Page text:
The University of Iowa School of Law is currently facing a law suit by Teresa Wagner, a graduate and member of the school’s faculty. Ms. Wagner was not hired for any of the additional jobs for which she applied at the school, even though one was filled by someone with no teaching experience, and another was not filled at all. Ms. Wagner alleges that her inability to be hired stems from her work on conservative-leaning causes such as opposition to abortion, gay marriage, and euthanasia.
The larger issues regard whether liberal bias actually does exist in law schools, and whether political preferences should be allowed to be considered in making hiring decisions. There is little question that Ms. Wagner was qualified to take over the legal writing position at the University of Iowa—having held positions as a professor of law at George Mason and Notre Dame, and having been offered a position at Ave Marie Law School. The trial began at the United States Court for the Southern District of Iowa in Davenport on Monday.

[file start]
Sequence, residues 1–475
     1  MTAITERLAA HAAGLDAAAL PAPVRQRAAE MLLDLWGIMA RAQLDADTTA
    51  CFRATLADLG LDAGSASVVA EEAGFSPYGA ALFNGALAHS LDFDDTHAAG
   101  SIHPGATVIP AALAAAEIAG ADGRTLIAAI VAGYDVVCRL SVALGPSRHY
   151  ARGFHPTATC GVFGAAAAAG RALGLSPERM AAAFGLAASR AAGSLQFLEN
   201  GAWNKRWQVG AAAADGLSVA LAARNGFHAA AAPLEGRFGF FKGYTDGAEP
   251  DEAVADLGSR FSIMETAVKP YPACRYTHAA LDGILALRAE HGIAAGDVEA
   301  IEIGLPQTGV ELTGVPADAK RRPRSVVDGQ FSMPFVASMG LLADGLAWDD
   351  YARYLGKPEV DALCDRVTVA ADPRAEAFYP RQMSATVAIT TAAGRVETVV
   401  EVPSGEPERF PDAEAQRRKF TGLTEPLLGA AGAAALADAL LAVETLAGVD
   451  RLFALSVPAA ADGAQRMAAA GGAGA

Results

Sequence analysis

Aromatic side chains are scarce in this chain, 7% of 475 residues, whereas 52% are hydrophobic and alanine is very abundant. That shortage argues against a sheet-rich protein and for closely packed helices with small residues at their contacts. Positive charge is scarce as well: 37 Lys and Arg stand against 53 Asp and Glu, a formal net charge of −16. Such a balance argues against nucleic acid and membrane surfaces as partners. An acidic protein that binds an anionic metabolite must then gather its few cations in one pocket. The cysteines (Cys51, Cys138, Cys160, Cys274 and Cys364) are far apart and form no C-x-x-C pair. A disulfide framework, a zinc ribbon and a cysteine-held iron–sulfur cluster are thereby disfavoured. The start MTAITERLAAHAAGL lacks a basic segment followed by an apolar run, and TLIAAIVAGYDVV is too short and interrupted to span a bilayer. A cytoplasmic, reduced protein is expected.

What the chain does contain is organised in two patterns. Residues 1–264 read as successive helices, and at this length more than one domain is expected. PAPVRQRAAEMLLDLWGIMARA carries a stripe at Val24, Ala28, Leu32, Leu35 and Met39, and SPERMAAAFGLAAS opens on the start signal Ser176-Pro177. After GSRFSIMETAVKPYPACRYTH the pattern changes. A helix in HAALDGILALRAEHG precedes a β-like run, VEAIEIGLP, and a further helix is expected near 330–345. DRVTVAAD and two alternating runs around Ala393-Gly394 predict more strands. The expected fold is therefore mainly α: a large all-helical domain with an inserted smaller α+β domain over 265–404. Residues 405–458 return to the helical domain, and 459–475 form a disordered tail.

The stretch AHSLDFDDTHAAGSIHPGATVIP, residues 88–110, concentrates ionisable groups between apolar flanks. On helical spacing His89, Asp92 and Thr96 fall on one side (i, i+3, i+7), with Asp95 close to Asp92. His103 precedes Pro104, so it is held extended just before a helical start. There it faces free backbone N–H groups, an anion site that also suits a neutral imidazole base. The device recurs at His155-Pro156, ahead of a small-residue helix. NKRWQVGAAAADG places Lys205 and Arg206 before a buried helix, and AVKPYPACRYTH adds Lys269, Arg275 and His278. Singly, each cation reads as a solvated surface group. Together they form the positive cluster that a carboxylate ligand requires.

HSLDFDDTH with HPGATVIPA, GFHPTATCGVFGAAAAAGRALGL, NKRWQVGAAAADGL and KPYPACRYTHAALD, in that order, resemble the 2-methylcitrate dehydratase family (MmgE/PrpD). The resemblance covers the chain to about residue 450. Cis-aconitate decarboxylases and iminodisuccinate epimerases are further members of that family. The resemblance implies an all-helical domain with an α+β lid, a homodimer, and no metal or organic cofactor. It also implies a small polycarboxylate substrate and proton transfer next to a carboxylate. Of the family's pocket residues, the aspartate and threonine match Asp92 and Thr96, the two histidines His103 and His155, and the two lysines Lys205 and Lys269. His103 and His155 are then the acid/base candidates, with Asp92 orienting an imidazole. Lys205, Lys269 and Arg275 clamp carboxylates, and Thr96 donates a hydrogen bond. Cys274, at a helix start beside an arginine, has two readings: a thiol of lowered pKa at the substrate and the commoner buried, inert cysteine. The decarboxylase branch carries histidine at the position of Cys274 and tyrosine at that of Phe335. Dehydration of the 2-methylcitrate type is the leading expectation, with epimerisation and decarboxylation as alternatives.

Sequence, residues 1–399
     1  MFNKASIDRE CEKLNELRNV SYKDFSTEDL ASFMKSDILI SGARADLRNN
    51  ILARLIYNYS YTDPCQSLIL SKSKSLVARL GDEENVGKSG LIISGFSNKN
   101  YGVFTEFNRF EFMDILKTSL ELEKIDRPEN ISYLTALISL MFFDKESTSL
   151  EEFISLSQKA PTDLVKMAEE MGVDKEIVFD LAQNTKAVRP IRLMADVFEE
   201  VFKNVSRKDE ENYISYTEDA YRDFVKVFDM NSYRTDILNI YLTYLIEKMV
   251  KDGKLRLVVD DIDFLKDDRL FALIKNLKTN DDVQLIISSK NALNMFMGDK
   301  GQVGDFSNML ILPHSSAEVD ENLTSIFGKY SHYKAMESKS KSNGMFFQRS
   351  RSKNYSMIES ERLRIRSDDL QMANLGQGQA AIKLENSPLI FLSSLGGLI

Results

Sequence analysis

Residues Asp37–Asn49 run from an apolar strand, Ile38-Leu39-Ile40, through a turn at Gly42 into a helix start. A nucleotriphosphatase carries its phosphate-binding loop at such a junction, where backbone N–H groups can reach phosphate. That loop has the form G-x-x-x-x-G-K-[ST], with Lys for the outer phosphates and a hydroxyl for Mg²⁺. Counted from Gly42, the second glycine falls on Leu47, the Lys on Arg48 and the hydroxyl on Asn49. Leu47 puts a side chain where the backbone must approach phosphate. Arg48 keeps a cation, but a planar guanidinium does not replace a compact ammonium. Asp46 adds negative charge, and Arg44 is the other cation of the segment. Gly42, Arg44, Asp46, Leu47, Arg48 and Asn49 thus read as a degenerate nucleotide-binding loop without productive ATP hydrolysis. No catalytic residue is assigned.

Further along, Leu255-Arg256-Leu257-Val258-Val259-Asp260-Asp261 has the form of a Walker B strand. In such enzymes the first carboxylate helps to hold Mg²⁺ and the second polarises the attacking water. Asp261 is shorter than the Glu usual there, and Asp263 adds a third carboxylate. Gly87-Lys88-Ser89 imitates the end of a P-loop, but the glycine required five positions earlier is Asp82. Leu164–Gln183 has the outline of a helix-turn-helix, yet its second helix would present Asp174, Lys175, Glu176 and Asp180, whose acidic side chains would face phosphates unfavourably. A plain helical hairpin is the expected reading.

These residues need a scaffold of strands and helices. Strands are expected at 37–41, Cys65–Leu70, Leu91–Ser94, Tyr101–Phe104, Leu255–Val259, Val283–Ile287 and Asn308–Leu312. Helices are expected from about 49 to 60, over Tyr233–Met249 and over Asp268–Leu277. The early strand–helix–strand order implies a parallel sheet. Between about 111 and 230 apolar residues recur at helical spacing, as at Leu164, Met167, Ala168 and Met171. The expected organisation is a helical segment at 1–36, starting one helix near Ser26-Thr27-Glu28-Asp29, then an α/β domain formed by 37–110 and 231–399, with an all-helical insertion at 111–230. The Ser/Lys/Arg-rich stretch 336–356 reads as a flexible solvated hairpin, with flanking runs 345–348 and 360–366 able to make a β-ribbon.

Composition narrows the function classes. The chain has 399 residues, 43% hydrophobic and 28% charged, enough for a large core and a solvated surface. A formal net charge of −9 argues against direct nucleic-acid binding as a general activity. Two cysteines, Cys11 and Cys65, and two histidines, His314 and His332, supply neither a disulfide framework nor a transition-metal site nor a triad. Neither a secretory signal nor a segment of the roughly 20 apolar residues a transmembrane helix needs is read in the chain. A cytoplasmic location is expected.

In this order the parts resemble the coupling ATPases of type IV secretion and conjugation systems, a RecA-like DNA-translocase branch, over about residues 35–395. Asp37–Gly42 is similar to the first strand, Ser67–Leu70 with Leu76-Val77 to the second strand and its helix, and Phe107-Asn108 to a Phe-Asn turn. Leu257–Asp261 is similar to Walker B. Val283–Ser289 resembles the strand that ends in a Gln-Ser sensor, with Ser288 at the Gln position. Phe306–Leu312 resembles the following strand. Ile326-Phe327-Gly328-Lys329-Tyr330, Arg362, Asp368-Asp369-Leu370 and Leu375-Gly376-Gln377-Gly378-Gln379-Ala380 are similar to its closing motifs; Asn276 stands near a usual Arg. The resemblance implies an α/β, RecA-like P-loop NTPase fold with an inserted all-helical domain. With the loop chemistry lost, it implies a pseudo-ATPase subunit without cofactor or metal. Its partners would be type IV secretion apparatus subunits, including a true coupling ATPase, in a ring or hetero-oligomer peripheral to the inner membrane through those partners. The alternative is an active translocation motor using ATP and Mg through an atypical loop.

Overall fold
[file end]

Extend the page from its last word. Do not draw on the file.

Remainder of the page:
As noted in the Huffington Post, Peter Wood, president of the National Association of Scholars, says “This will put a spotlight on a terrible injustice that is being perpetrated throughout American higher education.” Others worry that a win by Wagner will break open the hiring process, requiring law schools to openly consider the political viewpoints of their candidates, and potentially involving more lawsuits and court interference in hiring.
Walter Olson, a senior fellow at the Cato Institute, believes that the jury’s decision in this case “could shake up lots of hiring practices. If they say state universities are under scrutiny to make sure they are not discriminating against viewpoints, then a lot of people can sue, a lot of cases are going to be pretty good and the universities are going to have someone looking over their shoulder.”